'All of the eyes will be on me and they will be looking for a story,' he said. 'I'm just going to have to try to block that out.'
 
Curtis, who spent the last two years on the Hooters Tour, qualified for the British Open two weeks before the major with a 13th-place finish in the Western Open. Before that, he had missed five cuts and finished between 27th and 75th at eight other tournaments this year.
 
'My year has been kind of up and down,' he said. 'I would like to keep more consistent and get to that level where I can compete every week, just like Tiger does and Vijay.'
 
Related Links:
  • TheGolfChannel.com Bio - Ben Crutis
  • Full Coverage - Buick Open
     
    (Copyright 2003 by The Associated Press. All Rights Reserved.)
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    Ortiz takes Web.com Tour clubhouse lead in Bahamas

    By Golf Channel DigitalJanuary 16, 2018, 2:19 am

    Former Web.com Tour Player of the Year Carlos Ortiz shot a bogey-free, 4-under-par 68 Monday to take the clubhouse lead in The Bahamas Great Exuma Classic at Sandals Emerald Bay.

    Four other players - Lee McCoy, Brandon Matthews, Sung Jae Im and Mark Anderson - were still on the course and tied with Ortiz at 6-under 210 when third-round play was suspended by darkness at 5:32 p.m. local time. It is scheduled to resume at 7:15 a.m. Tuesday.

    Ortiz, a 26-year-old from Guadalajara, Mexico, is in search of his fourth Web.com Tour victory. In 2014, the former University of North Texas standout earned a three-win promotion on his way to being voted Web.com Tour Player of the Year.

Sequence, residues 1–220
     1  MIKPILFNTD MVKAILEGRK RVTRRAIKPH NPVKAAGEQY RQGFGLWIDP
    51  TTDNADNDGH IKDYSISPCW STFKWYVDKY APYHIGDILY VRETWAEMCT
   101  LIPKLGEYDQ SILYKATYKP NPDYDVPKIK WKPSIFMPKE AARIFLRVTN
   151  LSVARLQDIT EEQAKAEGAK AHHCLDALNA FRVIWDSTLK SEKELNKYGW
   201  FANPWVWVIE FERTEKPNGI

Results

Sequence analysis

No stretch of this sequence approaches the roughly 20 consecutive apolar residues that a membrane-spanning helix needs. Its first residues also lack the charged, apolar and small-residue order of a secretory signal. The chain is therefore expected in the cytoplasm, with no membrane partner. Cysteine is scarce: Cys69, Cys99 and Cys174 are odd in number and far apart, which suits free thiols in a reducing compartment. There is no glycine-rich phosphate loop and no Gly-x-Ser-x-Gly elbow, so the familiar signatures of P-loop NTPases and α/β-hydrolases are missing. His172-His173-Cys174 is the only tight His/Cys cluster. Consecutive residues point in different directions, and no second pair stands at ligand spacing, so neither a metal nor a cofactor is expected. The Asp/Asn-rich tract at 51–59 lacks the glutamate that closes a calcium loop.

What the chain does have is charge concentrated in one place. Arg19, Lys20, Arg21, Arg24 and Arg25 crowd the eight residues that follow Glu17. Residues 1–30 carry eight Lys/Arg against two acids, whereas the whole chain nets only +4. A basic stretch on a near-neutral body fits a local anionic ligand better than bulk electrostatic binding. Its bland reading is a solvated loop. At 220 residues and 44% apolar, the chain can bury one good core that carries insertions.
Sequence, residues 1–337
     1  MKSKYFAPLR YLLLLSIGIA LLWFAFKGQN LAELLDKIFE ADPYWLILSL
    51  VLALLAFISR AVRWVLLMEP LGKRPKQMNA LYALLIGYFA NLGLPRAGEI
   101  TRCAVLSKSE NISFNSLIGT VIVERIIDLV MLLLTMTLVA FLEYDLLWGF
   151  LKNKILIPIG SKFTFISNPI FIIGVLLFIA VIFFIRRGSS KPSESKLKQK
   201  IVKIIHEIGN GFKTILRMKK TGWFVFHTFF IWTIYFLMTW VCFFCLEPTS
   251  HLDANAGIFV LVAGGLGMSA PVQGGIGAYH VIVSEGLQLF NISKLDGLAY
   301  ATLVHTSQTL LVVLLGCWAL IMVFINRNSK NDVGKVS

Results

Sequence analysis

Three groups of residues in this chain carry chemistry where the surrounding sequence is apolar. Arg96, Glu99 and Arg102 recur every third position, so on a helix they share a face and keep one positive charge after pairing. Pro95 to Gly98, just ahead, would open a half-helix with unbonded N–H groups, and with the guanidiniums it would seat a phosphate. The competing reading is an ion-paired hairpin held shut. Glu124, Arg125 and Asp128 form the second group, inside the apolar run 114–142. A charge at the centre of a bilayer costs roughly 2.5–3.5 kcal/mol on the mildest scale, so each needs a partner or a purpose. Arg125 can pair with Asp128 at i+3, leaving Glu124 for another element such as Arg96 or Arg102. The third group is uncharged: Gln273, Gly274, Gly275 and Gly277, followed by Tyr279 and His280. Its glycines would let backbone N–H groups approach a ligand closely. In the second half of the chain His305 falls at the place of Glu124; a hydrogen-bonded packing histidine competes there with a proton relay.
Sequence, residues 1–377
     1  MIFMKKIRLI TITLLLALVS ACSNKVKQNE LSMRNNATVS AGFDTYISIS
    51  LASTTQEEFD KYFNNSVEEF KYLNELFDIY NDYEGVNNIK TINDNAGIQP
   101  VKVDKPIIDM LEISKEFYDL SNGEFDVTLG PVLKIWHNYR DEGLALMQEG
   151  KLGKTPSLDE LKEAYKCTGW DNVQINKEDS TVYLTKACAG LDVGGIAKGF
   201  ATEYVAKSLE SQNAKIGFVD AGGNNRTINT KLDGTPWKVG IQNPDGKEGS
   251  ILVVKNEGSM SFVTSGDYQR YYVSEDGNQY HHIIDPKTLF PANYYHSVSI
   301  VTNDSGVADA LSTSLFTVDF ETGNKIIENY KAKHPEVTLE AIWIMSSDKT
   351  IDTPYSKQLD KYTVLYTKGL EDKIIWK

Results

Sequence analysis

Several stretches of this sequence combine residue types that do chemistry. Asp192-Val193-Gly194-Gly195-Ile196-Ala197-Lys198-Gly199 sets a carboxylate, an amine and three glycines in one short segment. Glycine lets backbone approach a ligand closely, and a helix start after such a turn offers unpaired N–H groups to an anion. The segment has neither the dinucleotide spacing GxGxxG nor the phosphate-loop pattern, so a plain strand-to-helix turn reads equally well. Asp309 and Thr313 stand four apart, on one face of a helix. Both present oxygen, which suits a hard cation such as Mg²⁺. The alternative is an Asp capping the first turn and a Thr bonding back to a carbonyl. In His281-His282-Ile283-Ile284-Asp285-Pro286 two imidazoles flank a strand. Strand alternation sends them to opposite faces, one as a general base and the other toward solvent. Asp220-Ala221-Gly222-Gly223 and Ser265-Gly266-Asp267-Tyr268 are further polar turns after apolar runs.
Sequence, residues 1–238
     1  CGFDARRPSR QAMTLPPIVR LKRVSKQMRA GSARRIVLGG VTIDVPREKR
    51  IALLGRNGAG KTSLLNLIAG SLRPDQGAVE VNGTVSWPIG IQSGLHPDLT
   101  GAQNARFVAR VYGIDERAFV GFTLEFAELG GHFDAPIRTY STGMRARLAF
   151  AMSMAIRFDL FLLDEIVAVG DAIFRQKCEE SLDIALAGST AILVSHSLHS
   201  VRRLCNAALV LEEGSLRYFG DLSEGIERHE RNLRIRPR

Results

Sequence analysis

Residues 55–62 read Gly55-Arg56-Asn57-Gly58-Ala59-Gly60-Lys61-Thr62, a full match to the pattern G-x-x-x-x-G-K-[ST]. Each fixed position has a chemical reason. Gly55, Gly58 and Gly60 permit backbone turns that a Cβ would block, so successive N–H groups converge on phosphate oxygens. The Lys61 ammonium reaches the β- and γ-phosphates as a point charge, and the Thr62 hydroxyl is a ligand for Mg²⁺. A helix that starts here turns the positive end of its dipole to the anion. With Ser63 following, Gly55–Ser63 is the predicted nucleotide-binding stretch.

McCoy, a 23-year-old from Dunedin, Fla., is looking to become the first player to earn medalist honors at Q-School and then win the opening event of the season.

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    Randall's Rant: Can we please have some rivalries?

    By Randall MellJanuary 16, 2018, 12:00 am

    Memo to the golf gods:

    If you haven’t finalized the fates of today’s stars for the new year, could we get you to deliver what the game has lacked for so long?

    Can we get a real, honest-to-goodness rivalry?

    It’s been more than two decades since the sport has been witness to one.

    With world No. 1 Dustin Johnson and former world No. 1 Rory McIlroy at the Abu Dhabi HSBC Championship this week, an early-season showdown would percolate hope that this year might be all about rivalries.

    It seems as if the stars are finally aligned to make up for our long drought of rivalries, of the recurring clashes you have so sparingly granted through the game’s history.